September 25, 2017

When [Jesus] entered the temple, the chief priests and the elders of the people came to him as he was teaching, and said, “By what authority are you doing these things, and who gave you this authority?”

[Matthew 21:23]

Today’s reflection celebrates one year of Monday Musings. We began on the first Monday in October of 2016.

Karl Barth

As I sit down each week to write this weekly reflection, I am guided to some extent by a quote attributed to the theologian Karl Barth, that one should “hold the Bible in one hand, and the newspaper in the other.”

The more accurate version of that quote is: “Take your Bible and take your newspaper, and read both. But interpret newspapers from your Bible.”

I must confess, that has been a challenge these last several weeks. So much has happened that it is difficult to prioritize one issue over another. Natural disasters have dominated the headlines; but the political arena has presented its share of anguish, drama, and yes, entertainment. Some of the remarks that we hear out of Washington would be funny, if they weren’t at times embarrassingly sad.

In this age of social media, everyone – not the least of which is the current occupant in the White House – is quick with an opinion on just about everything. Facebook, twitter, e-mail, Instagram, Pinterest, androids, blue tooth, and all kinds of other technological wizardry; have made me question whether my words would bring any more clarity to a situation, or simply add to the noise.

I must first consider my audience. How Scripture informs me may not necessarily be how it speaks to those of you who regularly read my thoughts. After all, the makeup of the ELCA churches in the Northeastern Ohio Synod hardly reflects the rest of the population. Most of our congregations are suburban and rural. We have very little presence in the urban areas of our 20 counties.

That motivated me to ask a friend of mine recently for some feedback on a few of my recent writings. He is a retired pastor whose opinion I value perhaps more highly than any other human on earth. He wrote back the following, which I received as affirmation:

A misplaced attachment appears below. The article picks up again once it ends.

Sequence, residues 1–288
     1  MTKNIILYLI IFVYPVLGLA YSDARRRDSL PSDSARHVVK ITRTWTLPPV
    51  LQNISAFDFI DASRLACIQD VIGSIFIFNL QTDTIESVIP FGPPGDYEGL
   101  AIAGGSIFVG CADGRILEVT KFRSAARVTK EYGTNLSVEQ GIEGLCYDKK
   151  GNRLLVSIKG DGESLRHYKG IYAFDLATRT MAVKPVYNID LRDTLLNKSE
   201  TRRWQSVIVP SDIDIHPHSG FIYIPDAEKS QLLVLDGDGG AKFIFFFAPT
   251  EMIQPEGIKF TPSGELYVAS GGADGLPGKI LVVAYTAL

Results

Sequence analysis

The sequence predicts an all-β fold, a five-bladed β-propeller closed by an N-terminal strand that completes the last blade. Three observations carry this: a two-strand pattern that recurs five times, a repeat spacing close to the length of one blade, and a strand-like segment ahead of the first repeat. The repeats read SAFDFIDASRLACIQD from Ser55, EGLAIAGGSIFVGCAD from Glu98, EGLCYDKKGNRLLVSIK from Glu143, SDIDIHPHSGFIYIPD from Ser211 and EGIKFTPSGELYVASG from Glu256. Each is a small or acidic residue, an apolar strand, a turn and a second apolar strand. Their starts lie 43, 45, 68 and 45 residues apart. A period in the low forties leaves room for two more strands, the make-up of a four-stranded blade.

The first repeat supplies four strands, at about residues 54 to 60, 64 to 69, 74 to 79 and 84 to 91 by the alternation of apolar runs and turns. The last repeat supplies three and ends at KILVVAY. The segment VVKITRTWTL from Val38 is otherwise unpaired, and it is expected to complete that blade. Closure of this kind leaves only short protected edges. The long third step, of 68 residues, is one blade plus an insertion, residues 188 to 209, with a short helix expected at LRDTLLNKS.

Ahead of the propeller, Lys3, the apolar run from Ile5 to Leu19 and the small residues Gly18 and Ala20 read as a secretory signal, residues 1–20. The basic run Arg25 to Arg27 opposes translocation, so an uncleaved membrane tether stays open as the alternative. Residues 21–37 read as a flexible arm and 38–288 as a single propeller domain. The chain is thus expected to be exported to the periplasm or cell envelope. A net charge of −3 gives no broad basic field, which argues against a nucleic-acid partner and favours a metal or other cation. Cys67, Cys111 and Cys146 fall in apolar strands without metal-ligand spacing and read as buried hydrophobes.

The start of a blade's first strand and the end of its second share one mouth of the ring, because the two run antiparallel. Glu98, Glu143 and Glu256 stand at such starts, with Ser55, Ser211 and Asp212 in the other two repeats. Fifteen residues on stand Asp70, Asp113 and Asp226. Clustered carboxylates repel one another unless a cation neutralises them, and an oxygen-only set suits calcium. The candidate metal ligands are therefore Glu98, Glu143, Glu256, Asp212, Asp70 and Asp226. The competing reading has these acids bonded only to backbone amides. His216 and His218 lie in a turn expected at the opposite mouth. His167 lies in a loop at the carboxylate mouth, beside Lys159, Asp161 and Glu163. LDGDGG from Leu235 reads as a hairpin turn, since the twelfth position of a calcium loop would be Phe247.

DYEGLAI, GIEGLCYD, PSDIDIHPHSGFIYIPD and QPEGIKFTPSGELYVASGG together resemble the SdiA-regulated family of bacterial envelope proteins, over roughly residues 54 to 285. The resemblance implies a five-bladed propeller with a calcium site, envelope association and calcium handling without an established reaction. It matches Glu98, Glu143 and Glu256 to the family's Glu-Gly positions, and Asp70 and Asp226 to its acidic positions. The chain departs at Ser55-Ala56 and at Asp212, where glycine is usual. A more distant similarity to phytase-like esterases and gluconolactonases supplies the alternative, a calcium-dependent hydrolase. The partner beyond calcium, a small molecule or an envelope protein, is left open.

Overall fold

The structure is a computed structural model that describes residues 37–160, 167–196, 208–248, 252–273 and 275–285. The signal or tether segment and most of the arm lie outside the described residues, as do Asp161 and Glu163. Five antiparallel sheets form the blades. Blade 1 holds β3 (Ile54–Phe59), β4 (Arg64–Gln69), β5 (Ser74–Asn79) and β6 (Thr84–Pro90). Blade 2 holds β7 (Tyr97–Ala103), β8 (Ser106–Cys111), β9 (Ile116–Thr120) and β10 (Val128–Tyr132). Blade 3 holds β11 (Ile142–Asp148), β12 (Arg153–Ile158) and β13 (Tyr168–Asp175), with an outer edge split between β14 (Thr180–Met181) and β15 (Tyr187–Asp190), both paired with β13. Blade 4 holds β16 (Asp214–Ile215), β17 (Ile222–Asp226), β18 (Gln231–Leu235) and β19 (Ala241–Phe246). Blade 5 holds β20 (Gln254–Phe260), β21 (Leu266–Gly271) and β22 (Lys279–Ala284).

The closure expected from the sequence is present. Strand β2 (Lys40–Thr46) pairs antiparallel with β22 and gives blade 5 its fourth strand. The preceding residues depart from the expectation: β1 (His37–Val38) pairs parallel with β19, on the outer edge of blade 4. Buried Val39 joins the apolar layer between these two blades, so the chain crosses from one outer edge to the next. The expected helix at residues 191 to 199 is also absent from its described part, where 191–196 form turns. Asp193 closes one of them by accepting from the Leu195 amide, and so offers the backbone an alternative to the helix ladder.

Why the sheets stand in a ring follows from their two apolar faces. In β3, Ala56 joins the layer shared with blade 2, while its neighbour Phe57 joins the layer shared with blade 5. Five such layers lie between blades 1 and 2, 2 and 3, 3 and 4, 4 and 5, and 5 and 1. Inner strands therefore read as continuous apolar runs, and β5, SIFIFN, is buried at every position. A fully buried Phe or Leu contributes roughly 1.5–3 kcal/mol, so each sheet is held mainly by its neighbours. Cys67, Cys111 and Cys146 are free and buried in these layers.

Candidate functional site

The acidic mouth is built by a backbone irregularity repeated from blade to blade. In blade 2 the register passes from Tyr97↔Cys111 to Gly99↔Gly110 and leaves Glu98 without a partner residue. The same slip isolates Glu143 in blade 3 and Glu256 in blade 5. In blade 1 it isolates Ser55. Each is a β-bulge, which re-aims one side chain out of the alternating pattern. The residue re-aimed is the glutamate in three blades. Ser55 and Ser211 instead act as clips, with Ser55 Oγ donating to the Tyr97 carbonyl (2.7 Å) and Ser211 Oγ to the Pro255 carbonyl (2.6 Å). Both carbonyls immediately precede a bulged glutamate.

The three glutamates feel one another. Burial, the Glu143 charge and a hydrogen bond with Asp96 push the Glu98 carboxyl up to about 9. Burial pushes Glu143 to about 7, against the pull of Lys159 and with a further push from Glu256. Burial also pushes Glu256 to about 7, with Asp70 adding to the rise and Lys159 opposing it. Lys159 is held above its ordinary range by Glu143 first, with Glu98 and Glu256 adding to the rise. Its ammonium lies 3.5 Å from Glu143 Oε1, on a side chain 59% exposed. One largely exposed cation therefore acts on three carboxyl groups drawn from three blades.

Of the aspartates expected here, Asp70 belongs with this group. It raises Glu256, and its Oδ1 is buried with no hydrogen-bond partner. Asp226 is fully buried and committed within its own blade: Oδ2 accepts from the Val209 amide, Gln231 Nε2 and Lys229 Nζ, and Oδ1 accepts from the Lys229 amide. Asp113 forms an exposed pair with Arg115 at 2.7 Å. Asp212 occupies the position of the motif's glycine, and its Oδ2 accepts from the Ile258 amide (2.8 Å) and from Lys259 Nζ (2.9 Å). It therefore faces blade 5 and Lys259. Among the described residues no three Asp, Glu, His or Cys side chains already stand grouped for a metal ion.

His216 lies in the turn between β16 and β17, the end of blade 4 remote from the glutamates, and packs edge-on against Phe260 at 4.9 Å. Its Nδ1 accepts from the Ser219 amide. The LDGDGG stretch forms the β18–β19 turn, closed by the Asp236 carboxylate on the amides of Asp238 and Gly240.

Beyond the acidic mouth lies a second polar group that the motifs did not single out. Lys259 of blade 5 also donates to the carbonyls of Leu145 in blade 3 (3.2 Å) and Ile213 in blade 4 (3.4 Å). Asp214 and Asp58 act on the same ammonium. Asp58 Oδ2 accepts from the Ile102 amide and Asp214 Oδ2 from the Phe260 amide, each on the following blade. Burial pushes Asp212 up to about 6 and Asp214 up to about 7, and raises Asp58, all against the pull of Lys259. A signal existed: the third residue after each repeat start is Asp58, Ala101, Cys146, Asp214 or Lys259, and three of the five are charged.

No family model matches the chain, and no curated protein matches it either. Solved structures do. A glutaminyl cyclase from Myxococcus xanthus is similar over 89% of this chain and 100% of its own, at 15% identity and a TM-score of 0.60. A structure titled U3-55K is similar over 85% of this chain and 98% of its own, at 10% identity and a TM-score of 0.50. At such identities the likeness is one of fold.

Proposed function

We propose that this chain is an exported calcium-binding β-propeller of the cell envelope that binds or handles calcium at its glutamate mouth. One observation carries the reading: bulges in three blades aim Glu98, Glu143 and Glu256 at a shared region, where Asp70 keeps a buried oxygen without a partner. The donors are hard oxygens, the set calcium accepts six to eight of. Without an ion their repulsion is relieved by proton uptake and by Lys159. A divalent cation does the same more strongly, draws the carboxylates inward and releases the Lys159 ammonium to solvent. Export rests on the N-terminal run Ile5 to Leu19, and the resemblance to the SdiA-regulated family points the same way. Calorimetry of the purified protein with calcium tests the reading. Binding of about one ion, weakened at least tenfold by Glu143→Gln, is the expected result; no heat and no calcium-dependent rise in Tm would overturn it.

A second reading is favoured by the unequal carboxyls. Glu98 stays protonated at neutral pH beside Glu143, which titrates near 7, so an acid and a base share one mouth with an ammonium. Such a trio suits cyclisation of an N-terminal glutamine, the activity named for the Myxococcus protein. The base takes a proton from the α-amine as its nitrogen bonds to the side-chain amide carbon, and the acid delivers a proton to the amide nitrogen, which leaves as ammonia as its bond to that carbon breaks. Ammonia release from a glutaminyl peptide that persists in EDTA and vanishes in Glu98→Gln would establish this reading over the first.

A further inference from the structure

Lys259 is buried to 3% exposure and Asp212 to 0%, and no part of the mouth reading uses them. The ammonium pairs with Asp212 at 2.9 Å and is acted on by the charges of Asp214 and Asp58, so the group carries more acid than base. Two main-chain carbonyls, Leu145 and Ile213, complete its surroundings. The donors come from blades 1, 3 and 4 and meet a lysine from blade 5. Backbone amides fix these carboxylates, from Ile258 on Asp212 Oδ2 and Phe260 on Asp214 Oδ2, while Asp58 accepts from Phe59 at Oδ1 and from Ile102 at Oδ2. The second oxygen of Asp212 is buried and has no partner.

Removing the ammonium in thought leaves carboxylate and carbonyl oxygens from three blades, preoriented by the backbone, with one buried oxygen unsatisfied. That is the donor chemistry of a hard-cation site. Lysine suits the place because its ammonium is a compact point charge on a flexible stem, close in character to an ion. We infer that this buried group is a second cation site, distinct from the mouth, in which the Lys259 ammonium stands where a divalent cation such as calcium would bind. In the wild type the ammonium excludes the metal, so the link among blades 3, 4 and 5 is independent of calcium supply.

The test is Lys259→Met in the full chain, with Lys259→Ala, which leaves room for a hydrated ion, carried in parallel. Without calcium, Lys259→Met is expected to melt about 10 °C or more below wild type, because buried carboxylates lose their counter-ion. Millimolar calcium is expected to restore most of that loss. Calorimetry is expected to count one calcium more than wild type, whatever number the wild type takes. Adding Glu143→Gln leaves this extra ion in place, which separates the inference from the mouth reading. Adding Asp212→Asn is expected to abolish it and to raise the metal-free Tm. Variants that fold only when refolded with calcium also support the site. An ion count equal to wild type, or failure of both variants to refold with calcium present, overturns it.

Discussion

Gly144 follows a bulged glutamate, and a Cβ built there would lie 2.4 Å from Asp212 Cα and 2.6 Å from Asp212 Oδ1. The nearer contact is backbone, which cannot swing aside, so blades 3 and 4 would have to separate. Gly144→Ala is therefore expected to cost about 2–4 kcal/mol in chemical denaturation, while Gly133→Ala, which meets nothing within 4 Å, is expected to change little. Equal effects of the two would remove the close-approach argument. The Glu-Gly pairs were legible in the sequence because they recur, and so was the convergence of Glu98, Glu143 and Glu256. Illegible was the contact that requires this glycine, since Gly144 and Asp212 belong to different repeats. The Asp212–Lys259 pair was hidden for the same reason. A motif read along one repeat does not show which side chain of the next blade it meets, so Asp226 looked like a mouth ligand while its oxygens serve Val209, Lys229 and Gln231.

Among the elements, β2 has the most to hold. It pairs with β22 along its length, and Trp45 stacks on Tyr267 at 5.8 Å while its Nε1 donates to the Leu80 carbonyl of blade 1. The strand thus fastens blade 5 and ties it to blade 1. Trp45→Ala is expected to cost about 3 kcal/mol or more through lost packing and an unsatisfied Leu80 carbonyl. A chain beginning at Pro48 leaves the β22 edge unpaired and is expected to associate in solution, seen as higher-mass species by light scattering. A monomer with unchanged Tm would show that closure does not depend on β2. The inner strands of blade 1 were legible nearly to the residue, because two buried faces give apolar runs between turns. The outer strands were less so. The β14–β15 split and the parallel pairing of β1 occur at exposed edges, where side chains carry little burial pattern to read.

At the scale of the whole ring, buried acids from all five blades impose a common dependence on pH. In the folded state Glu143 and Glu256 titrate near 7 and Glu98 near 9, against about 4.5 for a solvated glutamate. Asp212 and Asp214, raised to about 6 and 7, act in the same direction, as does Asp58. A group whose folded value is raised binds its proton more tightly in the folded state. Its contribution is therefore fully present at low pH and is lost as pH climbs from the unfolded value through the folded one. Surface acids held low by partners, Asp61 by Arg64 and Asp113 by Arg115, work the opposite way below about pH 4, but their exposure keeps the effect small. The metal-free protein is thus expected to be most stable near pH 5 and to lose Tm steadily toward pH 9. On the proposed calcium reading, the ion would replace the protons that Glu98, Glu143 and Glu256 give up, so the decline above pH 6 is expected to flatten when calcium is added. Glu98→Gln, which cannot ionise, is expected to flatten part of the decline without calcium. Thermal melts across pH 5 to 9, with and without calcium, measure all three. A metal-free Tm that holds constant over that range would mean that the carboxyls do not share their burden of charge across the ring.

“As long as they continue to read and to listen, they are participating in the pastoral dialogue that moves the Church forward.”

And that is my hope – that you, the reader, continue to engage in this weekly exchange of ideas. Although it is mostly one-sided – I write, you read – I welcome your response to anything I write. Some of you already do that. It calls me to accountability, which, admittedly, is not always easy or comfortable for me.

In our life together, there are bound to be tensions, there are bound to be anxieties, there are bound to be conflicts.  But pain and anxiety is part of the life of people who want to grow in their service and in their relationship to Christ.  Dialogue is important. As long as people maintain open lines of communication, there is always room for reconciliation. It is essential that we make time for each other, especially for those people with whom we disagree. The moment we cut each other off, we end all hope for understanding.

The Gospel lesson for this upcoming October 1, the 17th Sunday after Pentecost, is a vivid illustration of that issue. The Pharisees’ questioning of Jesus’ authority prompts Jesus to launch into a parable of a landowner had two sons and asked them to go work in the vineyard. The first one said he wouldn’t but did. The other said he would but did not. So, Jesus asks his listeners, “Which of the two did the will of his father?”

That’s a question we all need to ask ourselves as Monday Musings celebrates its one-year anniversary. But we need to ask it in a more personal, more direct way. To what is Christ calling us, his church, today? And how are we answering that call?


My blessing this week is patterned after the assigned second reading of Paul’s letter to the Philippians.

This week and always, may we think of ways we can restore or build relationships with each other by humbly serving, looking to the needs of others, putting others first and ourselves last, emptying ourselves and taking the form of Christ’s servants. In our relationships with one another, let the same mind be in us that was in Christ Jesus.

+Bishop Abraham Allende

Published by pastorallende

Retired Bishop of the Northeastern Ohio Synod of the Evangelical Lutheran Church in America (ELCA). Social justice and immigration reform advocate. Micah 6:8. Fluent in English and Spanish. I enjoy music and sports.

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